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Cops Set Up Extortion Sting On Symantec's Source Code Thieves 168

Posted by timothy
from the don't-worry-now-we're-telling-the-truth dept.
Sparrowvsrevolution writes "Hackers linked with Anonymous leaked another 1.26 gigabytes of Symantec's data Monday night, what they say is the source code company's PCAnywhere program. More interestingly, also posted a long private email conversation that seems to show a Symantec exec offering the hackers $50,000 to not leak the company's data and to publicly state they had lied about obtaining it. Symantec has responded by revealing that in fact, the $50,000 offer had been a ruse, and the 'Symantec exec' was actually a law enforcement agent trying to trace the hackers. It adds that all the information the hackers have released, including a 2006 version of Norton Internet Security, is outdated and poses no threat to the company or its customers. Symantec says the Anonymous hackers began attempting to extort money from the company in mid-January, and it responded by contacting law enforcement, though it won't comment on the results of the fake payoff sting while the investigation is still ongoing."
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Cops Set Up Extortion Sting On Symantec's Source Code Thieves

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  • by elrous0 (869638) * on Tuesday February 07, 2012 @11:13AM (#38953985)

    FTFY

  • by guruevi (827432) <evi@smokingcCOFFEEube.be minus caffeine> on Tuesday February 07, 2012 @11:17AM (#38954061) Homepage

    They would've taken the money. More likely they "offered" money whether it was in a sting or not in order to be able to claim extortion and put the Anonymous hackers in a bad light.

    I don't think the hackers are interested in money as much as they are in the information. The fact is Symantec screwed up and they'll have to take it, if they can't protect themselves then why should we trust them?

  • by John Napkintosh (140126) on Tuesday February 07, 2012 @11:18AM (#38954081) Homepage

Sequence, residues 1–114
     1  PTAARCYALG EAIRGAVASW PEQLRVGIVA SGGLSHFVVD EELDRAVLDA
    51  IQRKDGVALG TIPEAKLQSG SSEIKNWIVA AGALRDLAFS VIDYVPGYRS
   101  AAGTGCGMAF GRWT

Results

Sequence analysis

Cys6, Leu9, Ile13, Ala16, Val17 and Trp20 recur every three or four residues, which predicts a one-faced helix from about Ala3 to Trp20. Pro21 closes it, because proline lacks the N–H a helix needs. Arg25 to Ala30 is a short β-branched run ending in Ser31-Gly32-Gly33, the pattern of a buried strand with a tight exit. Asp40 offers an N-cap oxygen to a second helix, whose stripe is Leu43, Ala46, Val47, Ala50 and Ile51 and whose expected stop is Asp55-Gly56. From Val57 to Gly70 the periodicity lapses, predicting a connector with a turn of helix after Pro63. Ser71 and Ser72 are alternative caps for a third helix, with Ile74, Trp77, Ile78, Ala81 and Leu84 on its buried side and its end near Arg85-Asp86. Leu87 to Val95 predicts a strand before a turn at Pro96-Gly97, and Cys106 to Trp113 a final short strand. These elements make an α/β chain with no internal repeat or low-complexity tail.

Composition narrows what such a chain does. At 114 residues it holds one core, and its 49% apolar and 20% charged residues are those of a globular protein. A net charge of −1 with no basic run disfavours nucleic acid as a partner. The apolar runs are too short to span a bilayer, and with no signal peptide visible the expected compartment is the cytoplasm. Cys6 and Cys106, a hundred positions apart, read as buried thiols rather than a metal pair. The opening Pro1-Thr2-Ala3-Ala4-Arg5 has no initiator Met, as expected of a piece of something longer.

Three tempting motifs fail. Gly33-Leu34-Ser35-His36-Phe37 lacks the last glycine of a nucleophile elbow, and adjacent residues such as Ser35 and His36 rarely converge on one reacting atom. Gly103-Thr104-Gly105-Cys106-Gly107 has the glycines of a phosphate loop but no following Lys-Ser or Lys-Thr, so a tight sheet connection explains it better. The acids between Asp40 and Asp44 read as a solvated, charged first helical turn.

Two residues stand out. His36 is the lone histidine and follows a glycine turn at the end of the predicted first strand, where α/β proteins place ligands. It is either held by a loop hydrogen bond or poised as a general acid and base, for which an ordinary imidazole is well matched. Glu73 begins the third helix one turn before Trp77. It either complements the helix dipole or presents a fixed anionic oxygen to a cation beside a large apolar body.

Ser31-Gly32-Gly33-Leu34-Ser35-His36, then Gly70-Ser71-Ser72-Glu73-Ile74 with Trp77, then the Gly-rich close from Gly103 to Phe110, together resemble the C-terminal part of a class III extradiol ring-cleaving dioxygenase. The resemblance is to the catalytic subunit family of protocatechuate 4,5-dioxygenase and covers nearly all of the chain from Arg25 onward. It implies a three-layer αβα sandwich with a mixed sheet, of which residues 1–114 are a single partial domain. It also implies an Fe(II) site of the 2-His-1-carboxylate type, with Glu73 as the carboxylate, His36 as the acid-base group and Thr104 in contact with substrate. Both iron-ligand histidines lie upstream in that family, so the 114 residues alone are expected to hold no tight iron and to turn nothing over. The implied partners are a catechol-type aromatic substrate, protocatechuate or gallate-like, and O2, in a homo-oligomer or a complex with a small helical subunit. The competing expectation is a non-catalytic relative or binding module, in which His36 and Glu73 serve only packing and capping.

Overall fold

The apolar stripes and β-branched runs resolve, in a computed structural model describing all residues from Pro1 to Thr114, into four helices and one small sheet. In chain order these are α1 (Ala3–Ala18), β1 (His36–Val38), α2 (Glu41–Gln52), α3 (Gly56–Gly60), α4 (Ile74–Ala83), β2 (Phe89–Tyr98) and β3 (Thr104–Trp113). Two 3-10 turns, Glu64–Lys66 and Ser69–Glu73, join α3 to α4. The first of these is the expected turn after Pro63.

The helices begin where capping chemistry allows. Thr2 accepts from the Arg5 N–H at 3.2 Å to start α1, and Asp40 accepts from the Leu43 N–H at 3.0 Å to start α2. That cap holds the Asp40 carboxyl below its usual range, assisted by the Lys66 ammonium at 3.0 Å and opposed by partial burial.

Frightening that Anonymous bothers to do it, or that they're actually successful?

  • by fibonacci8 (260615) on Tuesday February 07, 2012 @11:33AM (#38954329)
    Symantec and FBI attempt to patch security vulnerability with cash.
  • Who gets paid? (Score:4, Insightful)

    by bryansj (89051) on Tuesday February 07, 2012 @11:33AM (#38954337)
    How would they receive the $50K anyway? Split it up between all members who are supposed to be anonymous? Symantec/Police: Who do we make this check out to? Anonymous: Cash. Symantec/Police: Damn, foiled again!
  • by NatasRevol (731260) on Tuesday February 07, 2012 @11:34AM (#38954351) Journal

    I see it as the evil mirror reflection of what business & politics has risen up and wielded such power.

  • by Opportunist (166417) on Tuesday February 07, 2012 @11:35AM (#38954373)

    It's actually sad. The statements by the "criminals" are more believable and more likely true than the statements by the "serious company".

  • by gparent (1242548) on Tuesday February 07, 2012 @11:38AM (#38954423)

    The cesspool is you and me. They aren't any more dumb or smart than the individuals that compose them at any given time. Nothing is surprising about this unless you haven't been on the internet for a while.

  • by iamhassi (659463) on Tuesday February 07, 2012 @11:38AM (#38954431) Journal
    Frightening if you're Big Brother. Seems Anonymous has been looking out for the little guy so far. I definitely wouldn't want to be a CEO of one of these evil megacorporations with Anonymous watching me.
  • by artor3 (1344997) on Tuesday February 07, 2012 @11:50AM (#38954605)

    I know that's what you want to believe, but read the emails. It's abundantly clear that they did want the money. The only reason they didn't get caught is because they refused to transfer the money in any way that might be traceable.

    Anonymous are not the white knights you imagine them. Anyone can "be" them, and that causes them to attract a lot of thugs and sociopaths.

  • by Opportunist (166417) on Tuesday February 07, 2012 @11:55AM (#38954687)

    I hold your frightening and raise you a "duh".

    If you spend at least a month in IT security you'll easily see why duh. When you decide for that path, well, at least when I decided, the goal was to make the systems of the companies I work for secure. Safe from hackers, secure against all kinds of attacks. That was the plan, that was the goal.